Starting new things can be so many things. Exhilarating, exciting, motivating, hard, draining, boring, and almost impossible at times. When it comes to creating new habits, patterns, and actions in our lives, we all have different ways of approaching, tackling and mastering to get across the finish line to that glorious other side. Or not. Sometimes some of us just don’t seem to stick with it to get over the inevitable hump.
Sometimes it’s not just us, or our lack of willpower. Sometimes it is our brains who keep us from moving over the hump. If we can recognize that and just stick with it, we can make it. The going will get tough. The moving forward will be hard. You will get bored. It may not feel good physically. You will likely hit a wall. Creating new habits, patterns and thoughts is not an easy path. Undoing years of old is no easy feat.
Think about a new path you are taking. Whether it is a new exercise regimen, a fresh healthy eating program, a new business venture, a work goal, home project, whatever it is, creating new ways takes a great amount of thought, intention, and diligence. Are you giving something up like, smoking, or adding something in, like daily exercise? How can we make sure this time it sticks? How do we ensure that this time will be different? How can we honestly reach the finish line?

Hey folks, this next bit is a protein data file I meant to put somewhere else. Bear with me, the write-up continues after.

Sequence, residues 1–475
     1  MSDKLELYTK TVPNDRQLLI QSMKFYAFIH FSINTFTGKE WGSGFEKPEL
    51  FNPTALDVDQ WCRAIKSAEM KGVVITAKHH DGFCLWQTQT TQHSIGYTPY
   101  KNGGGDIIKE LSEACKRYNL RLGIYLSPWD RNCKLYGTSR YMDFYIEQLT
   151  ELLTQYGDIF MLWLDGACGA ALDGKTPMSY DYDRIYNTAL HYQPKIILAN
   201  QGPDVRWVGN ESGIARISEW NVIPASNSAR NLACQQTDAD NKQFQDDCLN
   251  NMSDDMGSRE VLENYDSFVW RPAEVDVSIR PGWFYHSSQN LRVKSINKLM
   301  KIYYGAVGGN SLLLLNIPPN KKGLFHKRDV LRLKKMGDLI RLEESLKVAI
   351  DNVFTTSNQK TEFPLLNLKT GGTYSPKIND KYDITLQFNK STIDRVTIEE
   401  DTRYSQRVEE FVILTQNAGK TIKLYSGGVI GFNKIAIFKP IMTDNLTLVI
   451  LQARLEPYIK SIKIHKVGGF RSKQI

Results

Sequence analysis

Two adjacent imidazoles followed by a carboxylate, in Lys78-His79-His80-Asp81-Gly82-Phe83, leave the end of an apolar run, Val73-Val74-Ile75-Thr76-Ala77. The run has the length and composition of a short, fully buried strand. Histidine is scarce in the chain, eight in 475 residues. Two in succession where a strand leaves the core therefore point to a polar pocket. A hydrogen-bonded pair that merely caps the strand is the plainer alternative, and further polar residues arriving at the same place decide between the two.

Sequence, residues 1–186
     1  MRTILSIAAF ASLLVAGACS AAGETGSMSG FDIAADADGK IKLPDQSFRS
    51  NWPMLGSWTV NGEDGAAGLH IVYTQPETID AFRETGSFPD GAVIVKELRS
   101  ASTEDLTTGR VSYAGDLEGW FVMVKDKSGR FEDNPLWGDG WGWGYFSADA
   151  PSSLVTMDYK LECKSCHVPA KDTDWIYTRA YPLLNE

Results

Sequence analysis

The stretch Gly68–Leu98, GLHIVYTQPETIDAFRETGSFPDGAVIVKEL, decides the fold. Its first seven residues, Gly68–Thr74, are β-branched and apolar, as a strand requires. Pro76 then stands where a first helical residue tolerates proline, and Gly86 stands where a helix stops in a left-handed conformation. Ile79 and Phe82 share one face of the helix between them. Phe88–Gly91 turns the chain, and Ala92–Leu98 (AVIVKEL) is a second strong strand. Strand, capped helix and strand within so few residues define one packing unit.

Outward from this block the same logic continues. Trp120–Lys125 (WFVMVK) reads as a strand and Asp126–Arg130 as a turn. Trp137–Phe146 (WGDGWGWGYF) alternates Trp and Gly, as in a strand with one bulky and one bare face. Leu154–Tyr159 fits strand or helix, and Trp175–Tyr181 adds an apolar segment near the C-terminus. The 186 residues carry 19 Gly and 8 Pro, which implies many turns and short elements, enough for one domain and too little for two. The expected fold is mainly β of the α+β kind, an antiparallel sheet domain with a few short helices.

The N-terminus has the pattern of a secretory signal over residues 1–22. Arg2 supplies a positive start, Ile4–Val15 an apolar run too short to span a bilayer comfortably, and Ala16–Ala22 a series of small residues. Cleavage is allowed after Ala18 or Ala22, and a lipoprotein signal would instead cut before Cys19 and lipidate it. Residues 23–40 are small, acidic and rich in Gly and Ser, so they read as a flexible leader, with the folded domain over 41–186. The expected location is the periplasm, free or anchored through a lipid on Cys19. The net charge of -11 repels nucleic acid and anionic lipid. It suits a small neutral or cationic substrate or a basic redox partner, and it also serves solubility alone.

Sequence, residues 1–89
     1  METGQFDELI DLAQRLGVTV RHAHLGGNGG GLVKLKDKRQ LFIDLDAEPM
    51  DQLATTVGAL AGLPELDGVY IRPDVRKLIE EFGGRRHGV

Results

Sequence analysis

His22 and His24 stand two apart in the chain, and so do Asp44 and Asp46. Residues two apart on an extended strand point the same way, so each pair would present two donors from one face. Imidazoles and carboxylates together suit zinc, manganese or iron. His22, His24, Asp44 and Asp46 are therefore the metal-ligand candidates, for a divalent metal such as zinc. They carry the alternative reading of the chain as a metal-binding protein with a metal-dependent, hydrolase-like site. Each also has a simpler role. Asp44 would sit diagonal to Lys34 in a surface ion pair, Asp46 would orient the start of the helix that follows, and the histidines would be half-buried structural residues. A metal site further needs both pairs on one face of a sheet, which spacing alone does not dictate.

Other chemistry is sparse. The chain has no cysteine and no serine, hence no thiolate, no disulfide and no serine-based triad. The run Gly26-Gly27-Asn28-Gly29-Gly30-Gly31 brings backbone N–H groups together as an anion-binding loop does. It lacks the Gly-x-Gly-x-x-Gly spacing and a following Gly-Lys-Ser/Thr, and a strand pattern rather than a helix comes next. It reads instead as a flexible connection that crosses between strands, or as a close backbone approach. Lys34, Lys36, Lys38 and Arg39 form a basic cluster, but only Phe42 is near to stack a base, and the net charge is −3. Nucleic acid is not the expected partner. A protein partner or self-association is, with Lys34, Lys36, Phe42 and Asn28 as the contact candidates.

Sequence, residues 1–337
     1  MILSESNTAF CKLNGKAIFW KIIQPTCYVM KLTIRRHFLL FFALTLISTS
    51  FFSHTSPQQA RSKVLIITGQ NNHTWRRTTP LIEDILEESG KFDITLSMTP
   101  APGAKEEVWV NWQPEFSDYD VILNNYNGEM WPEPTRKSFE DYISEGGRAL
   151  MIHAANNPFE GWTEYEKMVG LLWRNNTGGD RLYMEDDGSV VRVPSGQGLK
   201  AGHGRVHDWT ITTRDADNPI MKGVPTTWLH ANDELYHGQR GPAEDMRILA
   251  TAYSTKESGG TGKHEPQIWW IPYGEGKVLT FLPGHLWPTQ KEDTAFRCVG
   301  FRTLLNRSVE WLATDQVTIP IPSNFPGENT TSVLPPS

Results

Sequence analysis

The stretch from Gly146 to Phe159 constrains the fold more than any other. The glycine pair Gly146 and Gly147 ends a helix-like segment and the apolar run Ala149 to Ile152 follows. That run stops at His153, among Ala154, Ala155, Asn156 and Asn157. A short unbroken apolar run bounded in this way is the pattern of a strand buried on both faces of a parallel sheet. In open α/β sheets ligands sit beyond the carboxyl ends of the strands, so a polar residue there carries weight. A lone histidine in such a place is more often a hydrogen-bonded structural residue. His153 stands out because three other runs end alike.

At some point our brains are wired to talk us out of our new “thing”. That old saying, “when the going gets tough the tough get going” is not always the case. Since I can generally link everything to exercise, let’s think about it like this. Say you want to start working out after a long period on the couch. We’ve all done that, right?
Day one is awesome. You are excited, pumped up and ready for it! You feel awesome after this first workout and ready for the next day.
Day two is just as good. You know how good those endorphins will feel so you are ready to work up a sweat.
Day three you roll out of bed a little tired and sore. You go through the motions of your new workout without the same gusto. But you finish it.
Day four you are totally dreading the thought of putting on your gym clothes. Your body hurts. It hurts to sit on the potty. You feel like you’ve been hit by a truck. You make it but cut it short.
Day five just doesn’t happen. There is absolutely no way you are wrangling yourself into those workout clothes. It’s just too hard.